Regulating Rod

regulating rod

[′reg·yə‚lād·iŋ ‚räd]
A control rod intended to accomplish rapid, fine, and sometimes continuous adjustment of the reactivity of a nuclear reactor; it usually can move much more rapidly than a shim rod but makes a smaller change in reactivity.
McGraw-Hill Dictionary of Scientific & Technical Terms, 6E, Copyright © 2003 by The McGraw-Hill Companies, Inc.
The following article is from The Great Soviet Encyclopedia (1979). It might be outdated or ideologically biased.

Regulating Rod


a rod that is made of a substance that easily absorbs neutrons and is used to regulate the rate of nuclear fission in a nuclear reactor.

The neutron balance, or reactivity, of the reactor, that is, the ratio between the number of neutrons released and the number of neutrons absorbed during fission per unit time, is controlled by means of a regulating rod. The introduction of a regulating rod into the core results in a decrease in the reactivity and power of the reactor and even in the complete termination of a chain reaction. The removal of a rod from the core results in an increase in the reactor’s reactivity and a corresponding increase in its power. The position of a rod is also varied to compensate for operational changes in the reactivity of a nuclear reactor that result from, for example, a temperature change, a reduction in nuclear fuel, or an increase in the number of fragments of atomic nuclei that absorb neutrons.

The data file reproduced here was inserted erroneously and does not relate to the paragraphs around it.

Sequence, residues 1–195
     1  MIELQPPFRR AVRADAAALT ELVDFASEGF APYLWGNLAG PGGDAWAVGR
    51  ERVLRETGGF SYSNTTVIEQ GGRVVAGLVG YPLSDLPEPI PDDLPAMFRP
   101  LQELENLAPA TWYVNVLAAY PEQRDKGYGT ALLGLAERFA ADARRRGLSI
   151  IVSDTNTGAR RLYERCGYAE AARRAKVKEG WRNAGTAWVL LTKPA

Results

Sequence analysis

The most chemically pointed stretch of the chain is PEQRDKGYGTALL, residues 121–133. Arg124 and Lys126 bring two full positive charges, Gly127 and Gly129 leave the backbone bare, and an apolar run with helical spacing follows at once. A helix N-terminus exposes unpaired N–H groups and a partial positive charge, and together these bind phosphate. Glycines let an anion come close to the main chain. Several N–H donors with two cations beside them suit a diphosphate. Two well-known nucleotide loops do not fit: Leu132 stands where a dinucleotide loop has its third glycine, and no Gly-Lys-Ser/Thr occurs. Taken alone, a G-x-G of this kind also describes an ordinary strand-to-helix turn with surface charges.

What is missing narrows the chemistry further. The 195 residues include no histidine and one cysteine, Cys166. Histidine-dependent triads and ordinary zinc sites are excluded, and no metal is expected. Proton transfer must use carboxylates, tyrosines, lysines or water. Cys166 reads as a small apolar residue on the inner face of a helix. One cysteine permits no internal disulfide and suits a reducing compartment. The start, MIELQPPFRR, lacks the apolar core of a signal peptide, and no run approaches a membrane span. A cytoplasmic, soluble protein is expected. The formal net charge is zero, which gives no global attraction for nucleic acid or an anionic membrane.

Boron, cadmium, and rare earth elements are primarily used in rod manufacturing. Regulating rods are set in motion usually by electric or hydraulic drive. When an emergency shutdown of a chain reaction is needed, a regulating rod is simply released and allowed to fall freely into the reactor core.


The Great Soviet Encyclopedia, 3rd Edition (1970-1979). © 2010 The Gale Group, Inc. All rights reserved.
References in periodicals archive ?
The effective multiplication factors, [k.sub.eff], were analyzed for two cases corresponding to the complete withdrawal and the full insertion of control rods (four shim rods and one automatic regulating rod).
The reactor core is controlled by seven control rods: two safety rods (SR), four shim rods (ShR), and one automatic regulating rod (AR).
Other nonfuel lattice cells such as aluminum rod, beryllium rod, and regulating rod were also simulated using the PIJ code.
In the case of full insertion of the four shim rods and the automatic regulating rod, the difference of the [k.sub.eff] values is about 242 pcm.